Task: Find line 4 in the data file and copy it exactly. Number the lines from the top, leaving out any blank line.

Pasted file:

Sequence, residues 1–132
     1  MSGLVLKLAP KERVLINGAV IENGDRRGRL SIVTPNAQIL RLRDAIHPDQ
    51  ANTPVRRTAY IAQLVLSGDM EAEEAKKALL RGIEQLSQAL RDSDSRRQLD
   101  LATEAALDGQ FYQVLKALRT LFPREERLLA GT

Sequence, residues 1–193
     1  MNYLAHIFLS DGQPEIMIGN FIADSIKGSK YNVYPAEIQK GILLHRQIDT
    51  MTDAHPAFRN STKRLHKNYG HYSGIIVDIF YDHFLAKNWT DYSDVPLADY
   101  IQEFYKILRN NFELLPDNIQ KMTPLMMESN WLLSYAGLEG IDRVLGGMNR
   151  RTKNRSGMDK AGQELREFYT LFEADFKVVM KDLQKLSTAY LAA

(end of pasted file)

   101  LATEAALDGQ FYQVLKALRT LFPREERLLA GT